DHCHD informs 70,000 patients of systems hack, data theft
A systems hack against Dallam Hartley Counties Hospital District (DHCHD) in Texas on Sept. 28, led to the theft of protected health information tied to nearly 70,000 patients.
The notice suggests the “cybersecurity incident” was a ransomware attack or another malware variant, as DHCHD “took measures to contain the incident” and contacted law enforcement. Only some of DHCHD’s systems were impacted.
An investigation supported by a third-party forensics firm found that the attacker first gained access to the network the day before it was detected and used the access to acquire a subset of files containing patient data, like names, SSNs, health insurance information, demographic details, and limited medical information.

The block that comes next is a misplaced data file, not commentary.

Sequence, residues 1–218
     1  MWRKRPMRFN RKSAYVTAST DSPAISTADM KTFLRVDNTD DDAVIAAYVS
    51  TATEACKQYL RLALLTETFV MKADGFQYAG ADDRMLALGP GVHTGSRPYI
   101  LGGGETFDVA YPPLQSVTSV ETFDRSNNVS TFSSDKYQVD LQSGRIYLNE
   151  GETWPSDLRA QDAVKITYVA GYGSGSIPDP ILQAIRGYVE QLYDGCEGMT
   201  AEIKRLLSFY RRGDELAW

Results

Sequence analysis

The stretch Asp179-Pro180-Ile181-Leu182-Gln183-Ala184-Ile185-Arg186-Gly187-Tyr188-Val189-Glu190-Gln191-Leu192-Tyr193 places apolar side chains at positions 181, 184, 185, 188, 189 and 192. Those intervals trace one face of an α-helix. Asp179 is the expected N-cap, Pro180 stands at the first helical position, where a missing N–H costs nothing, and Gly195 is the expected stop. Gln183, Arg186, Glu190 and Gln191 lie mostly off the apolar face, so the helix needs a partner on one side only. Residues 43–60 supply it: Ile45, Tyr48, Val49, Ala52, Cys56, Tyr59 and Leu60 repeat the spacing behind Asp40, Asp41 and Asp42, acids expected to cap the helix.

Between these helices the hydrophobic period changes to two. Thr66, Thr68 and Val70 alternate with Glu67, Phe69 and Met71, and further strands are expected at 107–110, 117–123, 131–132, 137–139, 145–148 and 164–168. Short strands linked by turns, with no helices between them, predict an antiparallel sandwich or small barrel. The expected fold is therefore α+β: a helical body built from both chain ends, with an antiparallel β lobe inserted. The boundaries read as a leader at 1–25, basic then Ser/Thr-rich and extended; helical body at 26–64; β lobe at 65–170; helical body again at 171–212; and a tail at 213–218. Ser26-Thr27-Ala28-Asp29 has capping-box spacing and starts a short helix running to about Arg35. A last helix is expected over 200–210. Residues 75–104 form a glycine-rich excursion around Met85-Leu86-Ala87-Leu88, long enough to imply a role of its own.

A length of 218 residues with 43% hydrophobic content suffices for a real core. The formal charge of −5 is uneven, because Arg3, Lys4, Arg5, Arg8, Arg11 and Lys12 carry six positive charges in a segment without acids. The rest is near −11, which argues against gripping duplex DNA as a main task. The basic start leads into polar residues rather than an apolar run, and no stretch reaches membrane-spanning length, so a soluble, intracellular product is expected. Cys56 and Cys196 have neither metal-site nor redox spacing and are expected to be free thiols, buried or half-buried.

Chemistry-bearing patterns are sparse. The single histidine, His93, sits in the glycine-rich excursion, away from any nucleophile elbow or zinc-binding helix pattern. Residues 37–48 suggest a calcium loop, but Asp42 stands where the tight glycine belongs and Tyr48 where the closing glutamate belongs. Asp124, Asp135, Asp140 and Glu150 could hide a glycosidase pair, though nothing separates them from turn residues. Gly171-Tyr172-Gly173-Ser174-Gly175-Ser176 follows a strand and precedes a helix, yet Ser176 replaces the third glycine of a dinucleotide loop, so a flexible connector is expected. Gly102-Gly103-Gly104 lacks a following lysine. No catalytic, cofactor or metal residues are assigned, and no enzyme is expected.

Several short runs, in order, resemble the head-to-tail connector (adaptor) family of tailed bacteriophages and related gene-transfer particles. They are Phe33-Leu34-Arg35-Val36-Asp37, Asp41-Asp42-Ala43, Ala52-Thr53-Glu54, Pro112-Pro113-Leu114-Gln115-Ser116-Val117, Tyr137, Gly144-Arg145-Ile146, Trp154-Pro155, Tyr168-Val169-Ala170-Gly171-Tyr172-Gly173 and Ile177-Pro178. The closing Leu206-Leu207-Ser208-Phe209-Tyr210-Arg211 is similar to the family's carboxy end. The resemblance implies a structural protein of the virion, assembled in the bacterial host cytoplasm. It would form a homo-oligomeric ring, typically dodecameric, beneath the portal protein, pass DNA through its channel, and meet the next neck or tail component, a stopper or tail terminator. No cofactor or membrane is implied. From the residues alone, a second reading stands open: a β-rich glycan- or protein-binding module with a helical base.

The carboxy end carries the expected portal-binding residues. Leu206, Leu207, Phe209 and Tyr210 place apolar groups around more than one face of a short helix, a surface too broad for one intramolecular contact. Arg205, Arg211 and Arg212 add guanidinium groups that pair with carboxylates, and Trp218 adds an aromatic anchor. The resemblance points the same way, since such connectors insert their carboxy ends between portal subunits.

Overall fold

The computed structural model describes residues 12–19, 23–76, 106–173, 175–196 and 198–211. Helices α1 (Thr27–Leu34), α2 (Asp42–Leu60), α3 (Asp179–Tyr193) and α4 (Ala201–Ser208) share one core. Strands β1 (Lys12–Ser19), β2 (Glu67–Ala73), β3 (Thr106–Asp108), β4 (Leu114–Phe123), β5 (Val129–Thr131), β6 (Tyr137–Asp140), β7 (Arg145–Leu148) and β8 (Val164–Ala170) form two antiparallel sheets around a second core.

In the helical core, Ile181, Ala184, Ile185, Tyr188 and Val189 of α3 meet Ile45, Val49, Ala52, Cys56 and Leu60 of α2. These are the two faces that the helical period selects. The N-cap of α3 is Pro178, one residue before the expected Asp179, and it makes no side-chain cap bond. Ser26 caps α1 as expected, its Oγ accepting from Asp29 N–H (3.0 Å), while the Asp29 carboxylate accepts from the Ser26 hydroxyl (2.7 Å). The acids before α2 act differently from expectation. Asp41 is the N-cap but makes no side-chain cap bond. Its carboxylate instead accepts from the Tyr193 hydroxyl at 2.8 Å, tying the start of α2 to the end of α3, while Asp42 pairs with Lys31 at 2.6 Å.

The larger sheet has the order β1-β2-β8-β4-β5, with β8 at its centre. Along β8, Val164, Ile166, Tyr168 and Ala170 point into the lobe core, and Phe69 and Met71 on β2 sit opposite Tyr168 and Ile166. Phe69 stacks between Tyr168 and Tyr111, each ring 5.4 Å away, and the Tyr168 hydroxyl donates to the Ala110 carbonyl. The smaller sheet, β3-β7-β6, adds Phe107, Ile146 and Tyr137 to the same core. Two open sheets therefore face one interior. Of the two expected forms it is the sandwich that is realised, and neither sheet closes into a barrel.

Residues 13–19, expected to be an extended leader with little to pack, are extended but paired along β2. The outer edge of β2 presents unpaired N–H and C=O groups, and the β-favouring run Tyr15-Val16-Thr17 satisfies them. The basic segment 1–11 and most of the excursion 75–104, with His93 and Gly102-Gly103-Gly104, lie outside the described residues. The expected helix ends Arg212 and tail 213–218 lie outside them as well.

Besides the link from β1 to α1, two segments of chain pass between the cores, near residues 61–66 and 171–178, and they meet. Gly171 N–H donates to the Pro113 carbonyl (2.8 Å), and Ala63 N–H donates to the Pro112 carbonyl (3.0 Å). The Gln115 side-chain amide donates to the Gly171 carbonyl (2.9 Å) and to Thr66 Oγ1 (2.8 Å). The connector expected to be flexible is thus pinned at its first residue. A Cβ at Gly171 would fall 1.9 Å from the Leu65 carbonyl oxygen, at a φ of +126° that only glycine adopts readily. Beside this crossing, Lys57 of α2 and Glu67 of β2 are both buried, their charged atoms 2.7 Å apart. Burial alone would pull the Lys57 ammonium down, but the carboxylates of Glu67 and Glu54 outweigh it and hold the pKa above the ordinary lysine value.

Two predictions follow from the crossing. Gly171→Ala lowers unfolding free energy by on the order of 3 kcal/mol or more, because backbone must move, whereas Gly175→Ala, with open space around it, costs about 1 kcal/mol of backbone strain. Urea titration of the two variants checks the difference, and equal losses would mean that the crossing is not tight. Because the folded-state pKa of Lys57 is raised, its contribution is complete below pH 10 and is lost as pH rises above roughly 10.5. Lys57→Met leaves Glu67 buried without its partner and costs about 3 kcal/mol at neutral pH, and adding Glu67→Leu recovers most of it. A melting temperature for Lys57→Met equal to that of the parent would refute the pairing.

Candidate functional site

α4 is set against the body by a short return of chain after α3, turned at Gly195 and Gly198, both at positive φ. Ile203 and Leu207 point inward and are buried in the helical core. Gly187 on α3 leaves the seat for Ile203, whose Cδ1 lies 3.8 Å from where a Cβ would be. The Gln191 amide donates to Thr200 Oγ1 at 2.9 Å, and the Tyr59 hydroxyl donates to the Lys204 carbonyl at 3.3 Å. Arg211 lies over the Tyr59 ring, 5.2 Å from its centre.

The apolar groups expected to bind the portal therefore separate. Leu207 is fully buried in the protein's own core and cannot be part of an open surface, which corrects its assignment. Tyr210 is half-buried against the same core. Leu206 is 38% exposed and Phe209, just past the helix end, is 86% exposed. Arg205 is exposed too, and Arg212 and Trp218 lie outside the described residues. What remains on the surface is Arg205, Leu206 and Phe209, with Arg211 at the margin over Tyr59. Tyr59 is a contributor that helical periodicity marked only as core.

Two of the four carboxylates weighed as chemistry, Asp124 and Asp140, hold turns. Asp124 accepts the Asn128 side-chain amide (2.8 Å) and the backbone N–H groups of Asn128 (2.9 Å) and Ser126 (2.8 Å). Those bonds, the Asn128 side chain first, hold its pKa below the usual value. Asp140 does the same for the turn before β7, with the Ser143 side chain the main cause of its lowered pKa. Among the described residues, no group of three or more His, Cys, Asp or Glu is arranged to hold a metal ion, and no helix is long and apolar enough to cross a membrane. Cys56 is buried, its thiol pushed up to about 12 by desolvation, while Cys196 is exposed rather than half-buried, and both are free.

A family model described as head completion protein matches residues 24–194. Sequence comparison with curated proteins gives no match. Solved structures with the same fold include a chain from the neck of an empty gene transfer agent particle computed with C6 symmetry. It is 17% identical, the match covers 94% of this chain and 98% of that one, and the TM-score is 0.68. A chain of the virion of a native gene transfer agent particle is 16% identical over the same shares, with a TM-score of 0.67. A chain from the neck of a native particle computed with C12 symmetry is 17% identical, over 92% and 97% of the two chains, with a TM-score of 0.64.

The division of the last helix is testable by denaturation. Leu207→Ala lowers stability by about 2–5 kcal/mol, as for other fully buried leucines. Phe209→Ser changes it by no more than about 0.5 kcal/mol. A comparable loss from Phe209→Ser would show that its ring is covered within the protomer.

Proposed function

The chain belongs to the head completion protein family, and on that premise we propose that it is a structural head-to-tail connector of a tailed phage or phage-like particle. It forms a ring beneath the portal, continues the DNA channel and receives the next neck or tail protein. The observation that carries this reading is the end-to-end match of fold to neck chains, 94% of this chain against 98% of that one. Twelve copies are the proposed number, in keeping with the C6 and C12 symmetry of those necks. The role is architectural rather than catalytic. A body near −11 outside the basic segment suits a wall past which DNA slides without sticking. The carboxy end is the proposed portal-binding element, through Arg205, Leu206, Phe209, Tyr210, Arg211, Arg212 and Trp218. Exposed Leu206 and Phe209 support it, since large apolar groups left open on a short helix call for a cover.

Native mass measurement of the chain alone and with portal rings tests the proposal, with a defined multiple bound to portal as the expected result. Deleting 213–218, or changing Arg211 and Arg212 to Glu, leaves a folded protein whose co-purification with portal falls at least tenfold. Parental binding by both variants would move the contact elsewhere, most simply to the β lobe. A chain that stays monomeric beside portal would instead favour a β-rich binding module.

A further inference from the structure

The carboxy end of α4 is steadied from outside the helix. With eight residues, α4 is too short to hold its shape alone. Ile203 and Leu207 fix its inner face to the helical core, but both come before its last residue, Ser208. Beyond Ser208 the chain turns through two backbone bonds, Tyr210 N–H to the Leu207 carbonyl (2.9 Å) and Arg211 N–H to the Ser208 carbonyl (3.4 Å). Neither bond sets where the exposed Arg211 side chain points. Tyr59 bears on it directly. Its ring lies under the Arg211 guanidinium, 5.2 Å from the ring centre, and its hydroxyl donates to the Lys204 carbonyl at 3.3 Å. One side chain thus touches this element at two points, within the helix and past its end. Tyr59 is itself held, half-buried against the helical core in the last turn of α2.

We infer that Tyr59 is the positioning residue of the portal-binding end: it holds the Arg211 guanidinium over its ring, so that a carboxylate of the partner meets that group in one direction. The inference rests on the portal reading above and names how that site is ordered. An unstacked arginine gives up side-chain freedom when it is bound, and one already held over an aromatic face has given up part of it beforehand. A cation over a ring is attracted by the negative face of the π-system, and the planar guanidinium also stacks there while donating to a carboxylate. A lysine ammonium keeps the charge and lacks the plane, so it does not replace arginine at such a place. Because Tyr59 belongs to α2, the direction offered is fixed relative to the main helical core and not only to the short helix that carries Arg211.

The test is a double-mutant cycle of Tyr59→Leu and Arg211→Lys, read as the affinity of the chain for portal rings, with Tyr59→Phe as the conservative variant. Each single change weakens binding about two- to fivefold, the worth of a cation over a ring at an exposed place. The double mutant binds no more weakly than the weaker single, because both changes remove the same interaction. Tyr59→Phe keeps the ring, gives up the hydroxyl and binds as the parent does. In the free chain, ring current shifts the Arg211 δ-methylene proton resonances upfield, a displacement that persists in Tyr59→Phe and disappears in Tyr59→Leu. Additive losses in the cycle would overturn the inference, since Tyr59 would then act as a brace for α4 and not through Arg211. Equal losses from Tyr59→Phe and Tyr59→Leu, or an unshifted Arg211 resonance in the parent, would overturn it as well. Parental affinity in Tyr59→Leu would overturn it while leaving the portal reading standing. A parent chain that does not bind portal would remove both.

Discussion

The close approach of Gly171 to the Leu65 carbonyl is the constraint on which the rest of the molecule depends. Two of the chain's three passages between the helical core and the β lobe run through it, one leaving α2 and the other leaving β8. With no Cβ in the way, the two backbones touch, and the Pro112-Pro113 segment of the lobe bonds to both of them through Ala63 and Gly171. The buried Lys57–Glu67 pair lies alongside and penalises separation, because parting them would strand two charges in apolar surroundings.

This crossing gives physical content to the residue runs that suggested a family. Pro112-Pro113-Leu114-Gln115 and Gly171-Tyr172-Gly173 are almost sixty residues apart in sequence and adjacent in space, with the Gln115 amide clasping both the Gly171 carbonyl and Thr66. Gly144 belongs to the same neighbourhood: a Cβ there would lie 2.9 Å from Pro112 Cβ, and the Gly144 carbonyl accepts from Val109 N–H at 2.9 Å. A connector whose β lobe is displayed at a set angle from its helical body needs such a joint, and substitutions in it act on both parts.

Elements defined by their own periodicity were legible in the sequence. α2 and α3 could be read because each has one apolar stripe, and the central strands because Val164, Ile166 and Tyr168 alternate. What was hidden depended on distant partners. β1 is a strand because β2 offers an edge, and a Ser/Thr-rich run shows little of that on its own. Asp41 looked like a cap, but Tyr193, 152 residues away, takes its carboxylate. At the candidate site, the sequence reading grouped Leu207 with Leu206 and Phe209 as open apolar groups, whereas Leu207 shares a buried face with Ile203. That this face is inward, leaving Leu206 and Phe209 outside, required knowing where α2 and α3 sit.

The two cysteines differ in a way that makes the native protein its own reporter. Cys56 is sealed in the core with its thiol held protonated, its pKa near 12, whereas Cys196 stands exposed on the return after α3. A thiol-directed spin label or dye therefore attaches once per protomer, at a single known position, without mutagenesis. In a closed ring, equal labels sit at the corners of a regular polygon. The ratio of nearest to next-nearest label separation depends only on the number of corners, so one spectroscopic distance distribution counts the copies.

The EMR application was not accessed during the incident. All impacted patients are being offered complimentary credit monitoring and identity theft protection services. DHCHD is currently working to bolster its security.
85,000 Mena Regional Health patients informed of data theft
The data of 84,814 patients tied to Mena Regional Health System in Arkansas were recently notified that their data was exfiltrated more than a year ago on Oct. 30, 2021.
The notice uses careful language, omitting when the incident was first discovered. Instead, MRHS explained that the investigation revealed on “Nov. 8, 2022 that one or more of the files removed by the unauthorized party” contained patient information. It’s an important distinction, as HHS recently reminded providers of the HIPAA-required 60-day timeframe for reporting.